I HAVE had a lifelong relationship with The Herald. It was the newspaper that my mum and dad read when I was growing up. It was the newspaper I began reading and aspired to work on when I decided to become a journalist.
I guess you could say I was a ‘Herlad’.
I need to give that context so you can understand the personal import of my guilty confession: I have stopped reading the paper.
Now hold hard, dear reader. That last sentence does not mean what you probably took it to mean.
I read The Herald everyday but the Kindle edition rather than the paper one. That I do so still surprises me – I am a newspaper person.
I had previously flirted with a Sony eBook Reader but that dalliance didn’t lead to a long relationship. But then I tried a Kindle, liked it, received one as a Christmas present, and now I am a confirmed Kindle book reader (interspersed with the paper kind).
Then in order to reduce the paper mountains in my house, and with the gentle (ahem) exhortations of my loved ones – the ‘wifie’ said ‘get Wi-Fi’ (if you pardon the term for the sake of the gag) – I decided to do something about it.
I thought I would try a newspaper on Kindle. I tried the Telegraph on Kindle for a while, through the free trial period and then paying for it, but it didn’t stick.
And then The Herald began offering a Kindle edition. At £9.99 a month (after the free trial period) and therefore cheaper than the paper product, I decided I would give it a go. I found to my surprise that I was – day-in, day-out – reading more of the content on Kindle than I had been in newspaper format.
I still regularly get a pile of other papers: The Scotsman – for its excellent Op Ed pages among other things – and the Financial Times, etc. But the plain fact is I still read more of The Herald content daily on Kindle than I did when it was one of a pile of paper publications.
Part of it is convenience – the Kindle edition of the publication wings its way through cyber space as soon as I switch on the Wi-Fi in the morning, so it is very handy. It is there to read with my microwaved porridge in the morning.
I described this earlier as a ‘guilty confession’ and I do feel guilty because I know how hard that designers and sub-editors work to present the paper in an appealing format every day.
I have also long had an appreciation of the work of photographers – I have always regarded them as ‘artists in light and shade’ rather than ‘monkeys’ as some old reporting hands used to disparage them.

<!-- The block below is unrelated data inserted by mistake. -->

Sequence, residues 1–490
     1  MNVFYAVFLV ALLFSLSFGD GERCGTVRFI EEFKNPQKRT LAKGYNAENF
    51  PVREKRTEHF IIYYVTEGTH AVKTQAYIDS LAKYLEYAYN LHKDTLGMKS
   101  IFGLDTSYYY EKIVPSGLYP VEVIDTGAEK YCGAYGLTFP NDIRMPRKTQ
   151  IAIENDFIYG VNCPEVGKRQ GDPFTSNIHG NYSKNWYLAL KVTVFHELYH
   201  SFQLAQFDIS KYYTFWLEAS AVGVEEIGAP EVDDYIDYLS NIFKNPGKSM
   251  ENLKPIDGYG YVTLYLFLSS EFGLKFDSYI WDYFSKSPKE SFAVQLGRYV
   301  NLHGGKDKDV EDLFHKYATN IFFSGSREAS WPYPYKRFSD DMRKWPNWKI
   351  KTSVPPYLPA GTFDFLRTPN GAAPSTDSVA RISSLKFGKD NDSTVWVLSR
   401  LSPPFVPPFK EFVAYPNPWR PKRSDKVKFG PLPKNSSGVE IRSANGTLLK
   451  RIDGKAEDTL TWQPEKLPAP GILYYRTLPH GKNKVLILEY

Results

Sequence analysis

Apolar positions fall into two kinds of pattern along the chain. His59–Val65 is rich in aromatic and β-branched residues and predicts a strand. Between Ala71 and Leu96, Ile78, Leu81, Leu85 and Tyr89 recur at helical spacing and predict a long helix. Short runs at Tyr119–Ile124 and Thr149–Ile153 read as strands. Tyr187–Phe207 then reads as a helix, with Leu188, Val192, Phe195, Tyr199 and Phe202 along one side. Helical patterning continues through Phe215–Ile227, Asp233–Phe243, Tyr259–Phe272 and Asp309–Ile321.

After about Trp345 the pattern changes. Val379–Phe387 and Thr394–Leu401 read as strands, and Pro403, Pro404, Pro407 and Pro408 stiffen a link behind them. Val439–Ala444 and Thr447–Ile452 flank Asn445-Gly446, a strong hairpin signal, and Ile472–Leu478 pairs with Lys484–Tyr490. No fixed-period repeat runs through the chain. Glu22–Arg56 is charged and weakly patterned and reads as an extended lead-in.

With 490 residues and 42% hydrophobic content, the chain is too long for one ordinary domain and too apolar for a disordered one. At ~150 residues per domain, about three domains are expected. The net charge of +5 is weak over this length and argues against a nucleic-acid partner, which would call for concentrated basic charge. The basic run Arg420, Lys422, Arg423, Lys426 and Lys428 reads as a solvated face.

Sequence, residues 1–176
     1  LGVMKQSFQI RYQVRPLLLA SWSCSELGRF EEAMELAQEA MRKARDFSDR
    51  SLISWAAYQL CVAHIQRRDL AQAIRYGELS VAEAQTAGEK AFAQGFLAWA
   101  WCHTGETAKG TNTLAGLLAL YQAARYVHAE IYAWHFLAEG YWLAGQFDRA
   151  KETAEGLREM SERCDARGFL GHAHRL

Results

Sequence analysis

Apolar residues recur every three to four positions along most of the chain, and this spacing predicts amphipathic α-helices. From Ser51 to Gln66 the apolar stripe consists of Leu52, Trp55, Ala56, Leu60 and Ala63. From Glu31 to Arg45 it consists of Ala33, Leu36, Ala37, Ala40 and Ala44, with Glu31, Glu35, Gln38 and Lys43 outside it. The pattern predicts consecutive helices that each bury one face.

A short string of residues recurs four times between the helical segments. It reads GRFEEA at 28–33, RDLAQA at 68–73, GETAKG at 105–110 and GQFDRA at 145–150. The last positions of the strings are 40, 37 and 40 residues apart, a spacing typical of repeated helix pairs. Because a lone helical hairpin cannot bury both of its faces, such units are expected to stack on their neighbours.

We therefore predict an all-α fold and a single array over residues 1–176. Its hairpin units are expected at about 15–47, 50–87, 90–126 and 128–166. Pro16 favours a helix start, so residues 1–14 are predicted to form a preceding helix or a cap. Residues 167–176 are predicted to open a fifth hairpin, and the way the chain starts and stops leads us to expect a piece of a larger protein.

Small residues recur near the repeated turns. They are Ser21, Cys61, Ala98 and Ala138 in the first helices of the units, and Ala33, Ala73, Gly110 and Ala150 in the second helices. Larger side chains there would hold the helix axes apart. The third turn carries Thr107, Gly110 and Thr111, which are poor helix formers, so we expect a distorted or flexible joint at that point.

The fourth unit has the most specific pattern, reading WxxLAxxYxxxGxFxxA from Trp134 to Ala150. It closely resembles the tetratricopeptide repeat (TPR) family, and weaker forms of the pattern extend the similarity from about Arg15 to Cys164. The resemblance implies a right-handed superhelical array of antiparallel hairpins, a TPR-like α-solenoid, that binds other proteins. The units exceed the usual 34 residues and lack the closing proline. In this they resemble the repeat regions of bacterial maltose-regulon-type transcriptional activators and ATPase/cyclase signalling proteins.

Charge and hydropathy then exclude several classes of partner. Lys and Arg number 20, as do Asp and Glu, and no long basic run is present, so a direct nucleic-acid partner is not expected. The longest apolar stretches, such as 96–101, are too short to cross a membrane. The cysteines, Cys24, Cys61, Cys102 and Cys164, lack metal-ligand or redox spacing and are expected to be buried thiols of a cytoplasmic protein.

So I feel guilty that the plain version Kindle edition of the paper I read does not display or display well the craft of these two groups of fellow toilers in journalism.
But, damn it, it is a convenient way for me to take in the content of the newspaper – a first look over my breakfast, on the subway or train later as I head to a meeting and, occasionally, in bed last thing at night if there are some parts of the newspaper I still want to read.
As my old friend and colleague, Magnus Llewellin (we first worked together when he was news editor and I business editor of The Scotsman) formally shifts into the editor’s hotseat, I offer these thoughts.
How many people in their 40’s and 50’s have taken the same journey as me – ie have taken to consuming their newspaper on Kindle or other tablet device – never mind the younger readers who never had the paper habit?
The future of the newspaper will be more of a changed mix between paper, e-reader and tablet editions?
It is interesting that The Guardian/Observer is now offering a subscription option that is digital during the week and paper editions at the weekend. My hunch is that more in the industry will move towards daily digital and weekend paper editions when working people have more time to read and share multi-section papers?
One thing looks certain the form of The Herald that Magnus starts his editorship with will not continue to the – hopefully long and happy – end of his time as editor.
Ken Symon works as a writer and editor and business adviser through his company, Symon Media. He writes a regular blog on which this article also appears.